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Or, writing it all down.

Program specifications fulfil the same role as engineering drawings and circuit diagrams: they help organize things so that nothing gets overlooked or left out, and they help communicate to the other people involved about what's going on; just as importantly, they serve later on down the line when maintenance needs to be done. So, during the design of the program, make sure you write it all down.

No-one would start cutting and welding, or wiring up anything beyond a throw-away mock-up, without the proper drawings being made and signed off on. Programming is no different.

Each section and sub-section should have a one-page description of what it does and how it relates to other sections and sub-sections. If necessary, it should then have a larger document describing details; but that one-page description should be written so that it's enough for someone trying to get the overall idea of the system.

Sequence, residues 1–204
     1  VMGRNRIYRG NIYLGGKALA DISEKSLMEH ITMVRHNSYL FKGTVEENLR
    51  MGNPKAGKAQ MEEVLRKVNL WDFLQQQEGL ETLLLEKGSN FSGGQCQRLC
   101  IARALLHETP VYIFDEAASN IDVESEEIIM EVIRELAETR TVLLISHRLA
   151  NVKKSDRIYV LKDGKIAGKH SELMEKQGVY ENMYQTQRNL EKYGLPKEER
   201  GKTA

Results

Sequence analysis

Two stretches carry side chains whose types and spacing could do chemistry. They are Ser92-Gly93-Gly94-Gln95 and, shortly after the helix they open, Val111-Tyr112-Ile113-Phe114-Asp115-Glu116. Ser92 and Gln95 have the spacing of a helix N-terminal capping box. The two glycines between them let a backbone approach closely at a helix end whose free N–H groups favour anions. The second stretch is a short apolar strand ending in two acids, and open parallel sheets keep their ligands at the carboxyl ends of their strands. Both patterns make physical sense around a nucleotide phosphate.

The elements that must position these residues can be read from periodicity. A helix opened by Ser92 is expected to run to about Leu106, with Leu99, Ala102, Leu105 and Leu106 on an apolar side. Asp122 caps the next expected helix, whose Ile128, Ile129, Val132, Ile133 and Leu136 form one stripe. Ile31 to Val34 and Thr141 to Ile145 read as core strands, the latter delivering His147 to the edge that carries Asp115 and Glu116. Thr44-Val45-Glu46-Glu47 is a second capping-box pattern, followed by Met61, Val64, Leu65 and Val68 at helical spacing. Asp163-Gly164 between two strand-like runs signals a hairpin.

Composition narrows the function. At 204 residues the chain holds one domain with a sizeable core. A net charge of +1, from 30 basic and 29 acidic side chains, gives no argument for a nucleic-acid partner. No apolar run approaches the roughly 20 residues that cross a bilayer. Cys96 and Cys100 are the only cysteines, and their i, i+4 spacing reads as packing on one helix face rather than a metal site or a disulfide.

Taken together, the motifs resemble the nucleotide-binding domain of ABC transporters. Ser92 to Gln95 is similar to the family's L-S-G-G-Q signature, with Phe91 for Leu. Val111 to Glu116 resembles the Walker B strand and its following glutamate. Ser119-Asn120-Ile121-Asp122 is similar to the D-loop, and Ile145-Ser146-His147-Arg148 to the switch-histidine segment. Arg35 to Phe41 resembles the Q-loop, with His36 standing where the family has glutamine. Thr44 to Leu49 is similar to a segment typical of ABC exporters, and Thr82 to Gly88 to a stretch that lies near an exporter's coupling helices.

Write down what the morning startup (or shift handover) will look like to the operator. What about recovery from various kinds of snags and stops? Can the operator clear a blockage and resume automatic mode? How? What about going to lunch - will the operator log out, shut down the machine? (These are called "use cases".)

Talk to the other people involved with the building of the machine to make sure you haven't overlooked anything. Will your program mesh well with the mechanics, hydraulics, pneumatics, electrics and electronics? Will it make sense to the operators, and the maintenance people?

This is the best time to ensure that nothing has been overlooked - things like callibration and resumption from manual modes often affect large parts of the program, and if they're not planned-for at this stage they'll be difficult to add later.

If you're programming for another company, make this one of the earlier deliverables ("Functional Specification") and sign off on it with the client. This makes it clear exactly what you're planning to deliver, and what the client expects you to deliver.


$Date: 2004/12/28 05:32:12 $